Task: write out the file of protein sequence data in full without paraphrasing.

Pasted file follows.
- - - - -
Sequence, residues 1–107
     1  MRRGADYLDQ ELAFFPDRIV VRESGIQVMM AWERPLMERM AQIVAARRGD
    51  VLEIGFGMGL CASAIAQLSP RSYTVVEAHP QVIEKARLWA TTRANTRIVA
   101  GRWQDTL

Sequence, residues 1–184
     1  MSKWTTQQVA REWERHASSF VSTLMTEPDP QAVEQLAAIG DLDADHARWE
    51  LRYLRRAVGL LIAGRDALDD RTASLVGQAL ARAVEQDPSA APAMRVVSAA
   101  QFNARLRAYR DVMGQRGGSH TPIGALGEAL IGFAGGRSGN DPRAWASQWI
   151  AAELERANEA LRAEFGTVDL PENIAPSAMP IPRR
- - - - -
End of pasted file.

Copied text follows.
Sequence, residues 1–107
     1  MRRGADYLDQ ELAFFPDRIV VRESGIQVMM AWERPLMERM AQIVAARRGD
    51  VLEIGFGMGL CASAIAQLSP RSYTVVEAHP QVIEKARLWA TTRANTRIVA
   101  GRWQDTL

Sequence, residues 1–184
     1  MSKWTTQQVA REWERHASSF VSTLMTEPDP QAVEQLAAIG DLDADHARWE
    51  LRYLRRAVGL LIAGRDALDD RTASLVGQAL ARAVEQDPSA APAMRVVSAA
   101  QFNARLRAYR DVMGQRGGSH TPIGALGEAL IGFAGGRSGN DPRAWASQWI
   151  AAELERANEA LRAEFGTVDL PENIAPSAMP IPRR